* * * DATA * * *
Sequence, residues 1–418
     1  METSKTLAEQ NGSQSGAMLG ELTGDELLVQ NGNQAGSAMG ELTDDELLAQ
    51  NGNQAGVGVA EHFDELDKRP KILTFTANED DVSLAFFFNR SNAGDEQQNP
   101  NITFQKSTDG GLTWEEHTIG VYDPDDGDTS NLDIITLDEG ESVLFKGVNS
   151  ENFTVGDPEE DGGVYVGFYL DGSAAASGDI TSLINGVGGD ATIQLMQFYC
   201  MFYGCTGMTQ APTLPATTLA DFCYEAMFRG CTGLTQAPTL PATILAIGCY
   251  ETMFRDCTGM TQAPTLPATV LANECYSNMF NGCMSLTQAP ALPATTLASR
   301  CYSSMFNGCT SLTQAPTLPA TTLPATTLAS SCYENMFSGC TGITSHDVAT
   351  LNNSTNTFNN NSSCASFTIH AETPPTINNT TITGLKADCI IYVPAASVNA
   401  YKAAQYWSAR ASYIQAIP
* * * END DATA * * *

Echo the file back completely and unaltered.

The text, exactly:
Sequence, residues 1–418
     1  METSKTLAEQ NGSQSGAMLG ELTGDELLVQ NGNQAGSAMG ELTDDELLAQ
    51  NGNQAGVGVA EHFDELDKRP KILTFTANED DVSLAFFFNR SNAGDEQQNP
   101  NITFQKSTDG GLTWEEHTIG VYDPDDGDTS NLDIITLDEG ESVLFKGVNS
   151  ENFTVGDPEE DGGVYVGFYL DGSAAASGDI TSLINGVGGD ATIQLMQFYC
   201  MFYGCTGMTQ APTLPATTLA DFCYEAMFRG CTGLTQAPTL PATILAIGCY
   251  ETMFRDCTGM TQAPTLPATV LANECYSNMF NGCMSLTQAP ALPATTLASR
   301  CYSSMFNGCT SLTQAPTLPA TTLPATTLAS SCYENMFSGC TGITSHDVAT
   351  LNNSTNTFNN NSSCASFTIH AETPPTINNT TITGLKADCI IYVPAASVNA
   401  YKAAQYWSAR ASYIQAIP